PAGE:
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Here are a few grainy phone scope pictures of a band of rams I found while bear hunting last spring.
The broomed one is a shooter for the UL units. And, if he doesn't die of pneumonia first, that sneaky one bedded in the shade at base of tree just might live long enough to be a good ram too. Makes me think he had a close call with a golden eagle when still a lamb.

I am way late saying this, but welcome aboard Hams!
 
Do any of you adjust your backpacking gear differently given the low success rate?
If you know you may spend weeks hunting and never need to haul a load, it would seem more beneficial to switch to a pack that is much lighter even if its load-hauling capabilities are inferior. Then if you get one down, leave camp, haul out what you can, and grab a better frame or pack at the truck.
That's not a bad strategy in my opinion, especially for a solo hunter. Unless one has shot the animal to scavenger tidbit ribbons, the lone hunter who can pack out head, cape, boned meat and camp and hunting gear in a single backpack load is as rare of an animal as is a 40" ram in the unlimited units.

However, if one was to "spend weeks hunting" at a single go during a period when and where the quota went unfilled, it would still require a fairly capacious and stoutly-built pack just to haul so much gear and provisions.
 
I rarely listen to podcasts, but knew this would be a good listen about sheep in unlimited areas. Interview with Tim Shinabarger.
Thanks for that recommendation Greenhorn. I was nearly a year into not recovering from a debilitating injury that had me quite depressed with contemplating the prospect of perhaps never being able to get into the harness again when you posted it. Wallowing in that misery kept me away from the MT Unlimited thread almost as much as the injury kept me out of the woods and mountains.

With another six months elapsed, I can now at least get a ruck onto my back again. I finished listening to Tim Shinabarger's two hours with Peter Panda just a few minutes ago. It was well worth the time! I especially appreciated the acknowledgement and due credit that both the interviewer and guest extended to Shawn Stewart for the continuing opportunity that Montana's (sadly) unique Unlimited Sheep hunting units provide working-class souls who have a passion for pursuing the high country monarchs. In the last couple minutes of the interview, Tim credited the opportunity to but a tag and hunt wild sheep more than once in a lifetime in the UL units with his becoming not only a sheep hunter, but a wild sheep hunting and conservation advocate. That's a pretty compelling endorsement of the program. Like Tim, I hope the concept not only endures, but inspires the creation of similar programs elsewhere.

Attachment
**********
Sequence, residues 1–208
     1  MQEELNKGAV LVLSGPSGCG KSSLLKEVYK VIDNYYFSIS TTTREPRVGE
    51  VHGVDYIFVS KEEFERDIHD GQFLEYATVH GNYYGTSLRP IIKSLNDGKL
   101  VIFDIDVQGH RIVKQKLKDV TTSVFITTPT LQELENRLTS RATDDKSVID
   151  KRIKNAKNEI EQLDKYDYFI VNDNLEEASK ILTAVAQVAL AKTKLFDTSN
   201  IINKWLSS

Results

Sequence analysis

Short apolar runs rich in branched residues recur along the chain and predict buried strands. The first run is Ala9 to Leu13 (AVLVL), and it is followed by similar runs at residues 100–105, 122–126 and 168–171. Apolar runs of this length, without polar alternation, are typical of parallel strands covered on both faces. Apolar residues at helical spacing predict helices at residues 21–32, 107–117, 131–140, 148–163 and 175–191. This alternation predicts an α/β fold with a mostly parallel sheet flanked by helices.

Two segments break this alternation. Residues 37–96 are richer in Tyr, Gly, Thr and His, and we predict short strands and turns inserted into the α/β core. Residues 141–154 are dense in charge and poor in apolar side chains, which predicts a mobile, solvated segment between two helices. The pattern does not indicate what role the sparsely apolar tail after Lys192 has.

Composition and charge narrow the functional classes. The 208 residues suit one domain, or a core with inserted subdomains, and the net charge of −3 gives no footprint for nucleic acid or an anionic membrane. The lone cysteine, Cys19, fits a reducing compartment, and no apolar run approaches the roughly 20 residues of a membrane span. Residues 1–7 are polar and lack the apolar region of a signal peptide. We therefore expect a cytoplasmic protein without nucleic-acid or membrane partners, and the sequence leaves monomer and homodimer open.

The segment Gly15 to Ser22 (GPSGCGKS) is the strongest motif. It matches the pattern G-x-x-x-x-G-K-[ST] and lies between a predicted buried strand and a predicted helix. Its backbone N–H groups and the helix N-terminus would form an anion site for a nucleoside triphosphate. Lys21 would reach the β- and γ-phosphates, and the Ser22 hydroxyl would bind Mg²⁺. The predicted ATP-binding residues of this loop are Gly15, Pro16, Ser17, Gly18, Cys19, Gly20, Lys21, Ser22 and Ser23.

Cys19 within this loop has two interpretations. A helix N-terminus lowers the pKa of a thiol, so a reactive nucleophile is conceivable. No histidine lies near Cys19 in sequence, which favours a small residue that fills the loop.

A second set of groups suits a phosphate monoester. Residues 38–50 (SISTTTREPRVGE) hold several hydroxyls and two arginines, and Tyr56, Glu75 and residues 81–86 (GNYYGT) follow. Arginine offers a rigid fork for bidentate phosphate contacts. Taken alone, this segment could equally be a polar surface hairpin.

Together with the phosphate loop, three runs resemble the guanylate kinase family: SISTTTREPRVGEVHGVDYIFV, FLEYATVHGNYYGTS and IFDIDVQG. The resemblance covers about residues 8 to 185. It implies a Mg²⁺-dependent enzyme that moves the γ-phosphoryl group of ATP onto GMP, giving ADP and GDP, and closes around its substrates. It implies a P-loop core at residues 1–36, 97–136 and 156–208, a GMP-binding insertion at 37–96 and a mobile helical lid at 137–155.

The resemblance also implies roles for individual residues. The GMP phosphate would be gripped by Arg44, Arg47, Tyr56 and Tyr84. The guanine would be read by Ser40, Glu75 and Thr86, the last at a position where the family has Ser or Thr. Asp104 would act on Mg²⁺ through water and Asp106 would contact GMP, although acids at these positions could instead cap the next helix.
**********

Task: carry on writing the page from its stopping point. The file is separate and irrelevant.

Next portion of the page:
Thanks again for bringing the podcast to my attention.
 
FYI, anyone considering going up "that road" in 500, another bridge washed out further down the canyon. We where able to make it out over the bridge last night, which was sketchy AF, but we didn't die.
Custer/Gallatin NF is saying the road is closed this morning.
View attachment 293517
You crossed that with a vehicle when it looked like that?
 
He did another podcast on it or is this one from earlier?
The earlier one with Shinabarger, it was brought up again recently in this thread so it reminded me of that duo of podcasts that dont seem to be in the best interests of MT sheep hunters.
 
The earlier one with Shinabarger, it was brought up again recently in this thread so it reminded me of that duo of podcasts that dont seem to be in the best interests of MT sheep hunters.
I could listen to Tim's stories on repeat.

Its interesting that more people hunted the unlimited units in the 70s and 80s compared to today. Even with all the talk, the online information, podcasts, social media or even recently videos on youtube.

Now obviously that can change but the amount of participation really hasn't followed the same trends as other western hunting adventures.

I just hope that things maintain and these opportunities continue to live on for future generations. It's pretty unique to say the least. There needs to be more opportunities though..... maybe even from other states.
 
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I could listen to Tim's stories on repeat.

Its interesting that more people hunted the unlimited units in the 70s and 80s compared to today. Even with all the talk, the online information, podcasts, social media or even recently videos on youtube.

Now obviously that can change but the amount of participation really hasn't followed the same trends as other western hunting adventures.

I just hope that things maintain and these opportunities continue to live on for future generations. It's pretty unique to say the least. There needs to be more opportunities though..... maybe even from other states.
That’s because all of that coverage lets them see what they are really getting into. It ain’t for the faint of heart.
 
I could listen to Tim's stories on repeat.

Its interesting that more people hunted the unlimited units in the 70s and 80s compared to today. Even with all the talk, the online information, podcasts, social media or even recently videos on youtube.

Now obviously that can change but the amount of participation really hasn't followed the same trends as other western hunting adventures.

I just hope that things maintain and these opportunities continue to live on for future generations. It's pretty unique to say the least. There needs to be more opportunities though..... maybe even from other states.
There was no 7 year wait then, and the Spanish Peaks were unlimited. I think it is more appropriate to look at the last 20 years- the numbers have sky rocketed, and the actual participation versus just having a tag in the pocket has gone much higher.
 

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